So a 66 year old New Orleans grandmother is quoted as saying in Women in the Wake of the Storm, a report issued last week by the Institute for Women’s Policy Research. (An accompanying press release can be found here.)
The extent of the forgetting, described in Ms online, is shameful:
based on interviews with 38 women from ages 19 to 66 and from diverse ethnicities who lived through Katrina. The study showed women’s lack of access to housing, health care, and child care, putting women and children at risk for abuse and exploitation.
Equally troubling is the reason why women’s needs are left out of consideration in the planning being done. NO ONE IS ASKING THEM.
The report states that many women’s voices have gone unheard throughout the recovery process, so women’s needs are not being addressed. There is limited availability of housing, only one domestic violence shelter that survived the storm, and communities have been shattered. The report calls for a gender-informed relief strategy to end the economic and health problems women face. (MY STRESS)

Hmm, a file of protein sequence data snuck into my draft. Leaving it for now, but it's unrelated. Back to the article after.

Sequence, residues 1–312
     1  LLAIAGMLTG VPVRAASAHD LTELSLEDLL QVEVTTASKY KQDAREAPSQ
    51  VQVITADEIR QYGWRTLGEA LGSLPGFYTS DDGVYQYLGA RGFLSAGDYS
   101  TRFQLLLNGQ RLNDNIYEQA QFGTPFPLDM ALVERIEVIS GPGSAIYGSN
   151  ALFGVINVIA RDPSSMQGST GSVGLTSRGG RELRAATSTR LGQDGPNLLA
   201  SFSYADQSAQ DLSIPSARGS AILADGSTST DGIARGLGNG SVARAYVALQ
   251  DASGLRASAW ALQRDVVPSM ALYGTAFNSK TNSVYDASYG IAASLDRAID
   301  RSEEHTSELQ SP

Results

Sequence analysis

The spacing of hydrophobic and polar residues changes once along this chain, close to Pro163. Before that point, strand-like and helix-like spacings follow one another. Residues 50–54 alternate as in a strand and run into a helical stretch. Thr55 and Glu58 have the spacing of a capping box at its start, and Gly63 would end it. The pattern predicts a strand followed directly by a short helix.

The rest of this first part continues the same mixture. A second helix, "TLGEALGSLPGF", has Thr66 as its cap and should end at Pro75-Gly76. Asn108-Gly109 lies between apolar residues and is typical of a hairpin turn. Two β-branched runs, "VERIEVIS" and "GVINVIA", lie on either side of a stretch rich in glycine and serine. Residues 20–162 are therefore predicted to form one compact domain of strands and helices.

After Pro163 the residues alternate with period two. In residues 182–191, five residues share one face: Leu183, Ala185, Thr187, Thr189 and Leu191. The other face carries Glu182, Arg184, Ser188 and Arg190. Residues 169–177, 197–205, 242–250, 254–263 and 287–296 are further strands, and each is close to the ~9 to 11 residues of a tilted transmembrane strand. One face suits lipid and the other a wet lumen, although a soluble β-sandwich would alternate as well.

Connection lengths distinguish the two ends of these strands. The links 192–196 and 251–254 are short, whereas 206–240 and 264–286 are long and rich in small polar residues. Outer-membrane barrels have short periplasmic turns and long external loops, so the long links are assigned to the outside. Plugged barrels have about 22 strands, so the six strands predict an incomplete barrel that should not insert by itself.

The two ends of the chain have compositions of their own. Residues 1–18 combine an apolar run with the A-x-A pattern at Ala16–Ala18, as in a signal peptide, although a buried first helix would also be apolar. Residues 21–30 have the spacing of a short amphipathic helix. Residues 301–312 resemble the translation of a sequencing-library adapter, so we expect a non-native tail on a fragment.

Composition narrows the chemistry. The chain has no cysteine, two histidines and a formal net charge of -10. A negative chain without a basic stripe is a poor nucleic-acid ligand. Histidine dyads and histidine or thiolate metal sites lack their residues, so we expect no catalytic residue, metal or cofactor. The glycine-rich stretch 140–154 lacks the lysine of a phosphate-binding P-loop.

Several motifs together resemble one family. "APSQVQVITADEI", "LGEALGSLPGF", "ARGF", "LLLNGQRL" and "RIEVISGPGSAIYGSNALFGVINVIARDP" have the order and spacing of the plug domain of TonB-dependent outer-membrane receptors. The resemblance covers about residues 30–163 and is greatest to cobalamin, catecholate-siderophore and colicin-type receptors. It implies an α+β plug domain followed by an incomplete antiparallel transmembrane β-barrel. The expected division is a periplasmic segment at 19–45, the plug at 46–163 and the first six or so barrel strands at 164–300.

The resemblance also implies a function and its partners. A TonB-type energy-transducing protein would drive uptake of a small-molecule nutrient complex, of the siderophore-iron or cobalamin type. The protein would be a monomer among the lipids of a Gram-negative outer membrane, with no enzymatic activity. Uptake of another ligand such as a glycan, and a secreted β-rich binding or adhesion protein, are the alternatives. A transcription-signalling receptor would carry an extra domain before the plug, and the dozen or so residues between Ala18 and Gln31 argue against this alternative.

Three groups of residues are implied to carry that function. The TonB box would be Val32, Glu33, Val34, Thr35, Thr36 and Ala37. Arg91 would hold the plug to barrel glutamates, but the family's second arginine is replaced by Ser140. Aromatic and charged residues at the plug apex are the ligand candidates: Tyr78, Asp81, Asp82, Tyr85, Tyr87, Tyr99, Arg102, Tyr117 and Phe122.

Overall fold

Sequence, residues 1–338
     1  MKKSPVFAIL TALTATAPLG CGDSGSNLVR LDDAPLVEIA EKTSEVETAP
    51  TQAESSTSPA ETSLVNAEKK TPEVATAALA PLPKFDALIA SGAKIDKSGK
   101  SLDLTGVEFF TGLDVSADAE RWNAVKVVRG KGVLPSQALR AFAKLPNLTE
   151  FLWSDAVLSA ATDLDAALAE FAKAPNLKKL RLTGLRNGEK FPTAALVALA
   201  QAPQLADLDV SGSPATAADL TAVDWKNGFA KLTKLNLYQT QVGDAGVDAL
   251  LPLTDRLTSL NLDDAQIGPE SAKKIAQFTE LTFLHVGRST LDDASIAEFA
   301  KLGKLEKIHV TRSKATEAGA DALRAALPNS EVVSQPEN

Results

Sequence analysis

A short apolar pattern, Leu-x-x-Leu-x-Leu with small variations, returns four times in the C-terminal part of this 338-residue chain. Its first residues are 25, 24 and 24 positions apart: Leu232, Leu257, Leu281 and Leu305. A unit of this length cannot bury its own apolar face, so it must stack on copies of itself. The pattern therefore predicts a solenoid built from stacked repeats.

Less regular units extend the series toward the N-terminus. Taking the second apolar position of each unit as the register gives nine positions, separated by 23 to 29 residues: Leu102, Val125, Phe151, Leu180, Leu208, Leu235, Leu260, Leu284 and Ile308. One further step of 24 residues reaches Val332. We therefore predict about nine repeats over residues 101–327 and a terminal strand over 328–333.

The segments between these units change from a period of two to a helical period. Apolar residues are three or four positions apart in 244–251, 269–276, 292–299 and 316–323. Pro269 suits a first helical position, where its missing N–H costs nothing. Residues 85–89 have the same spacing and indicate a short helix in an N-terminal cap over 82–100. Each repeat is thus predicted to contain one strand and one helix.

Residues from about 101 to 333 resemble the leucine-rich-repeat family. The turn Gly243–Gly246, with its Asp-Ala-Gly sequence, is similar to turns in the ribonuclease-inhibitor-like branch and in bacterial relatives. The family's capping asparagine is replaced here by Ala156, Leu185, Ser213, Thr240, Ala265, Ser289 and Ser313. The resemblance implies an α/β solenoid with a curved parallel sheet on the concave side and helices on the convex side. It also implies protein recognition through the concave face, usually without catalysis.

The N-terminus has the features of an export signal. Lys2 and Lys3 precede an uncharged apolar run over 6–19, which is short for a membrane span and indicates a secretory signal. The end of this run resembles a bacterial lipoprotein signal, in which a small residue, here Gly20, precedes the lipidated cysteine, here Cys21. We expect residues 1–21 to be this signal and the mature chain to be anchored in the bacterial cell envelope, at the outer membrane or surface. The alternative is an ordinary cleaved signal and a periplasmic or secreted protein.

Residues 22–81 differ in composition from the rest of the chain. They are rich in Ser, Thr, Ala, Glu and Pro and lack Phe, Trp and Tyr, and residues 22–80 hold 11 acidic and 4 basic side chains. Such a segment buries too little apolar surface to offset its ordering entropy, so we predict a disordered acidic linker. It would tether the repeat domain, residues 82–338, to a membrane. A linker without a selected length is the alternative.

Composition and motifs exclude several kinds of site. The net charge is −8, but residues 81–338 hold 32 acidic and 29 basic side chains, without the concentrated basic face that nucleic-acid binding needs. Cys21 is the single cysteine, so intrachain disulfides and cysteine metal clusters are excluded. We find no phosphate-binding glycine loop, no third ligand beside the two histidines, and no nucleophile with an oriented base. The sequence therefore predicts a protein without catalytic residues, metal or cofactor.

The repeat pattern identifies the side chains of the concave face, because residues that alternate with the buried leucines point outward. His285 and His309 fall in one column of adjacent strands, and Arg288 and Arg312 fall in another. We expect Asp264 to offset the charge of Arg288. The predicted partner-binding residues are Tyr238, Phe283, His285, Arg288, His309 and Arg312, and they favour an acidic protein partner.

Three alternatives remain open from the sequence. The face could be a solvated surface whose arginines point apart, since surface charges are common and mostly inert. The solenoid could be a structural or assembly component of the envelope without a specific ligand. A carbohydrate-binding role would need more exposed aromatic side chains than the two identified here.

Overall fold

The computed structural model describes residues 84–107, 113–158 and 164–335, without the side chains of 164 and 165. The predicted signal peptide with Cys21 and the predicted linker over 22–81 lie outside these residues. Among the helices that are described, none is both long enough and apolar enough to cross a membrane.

The situation bring out another facet of feminist standpoint theory that Jender referred to in discussing another, but not entirely dissimilar situation. (And, most recently, here.) Standpoint theory draws our attention to the fact that the relatively underprivileged can have important knowledge that the privileged have difficulty discovering themselves. The current situation brings out why it can be hard to discover the knowledge that the other has. The problem is not just that those in charge forget to ask, or don’t think to ask. Rather, underneath that is the fact that disadvantaged women will not be seen as part of the group that possesses knowledge.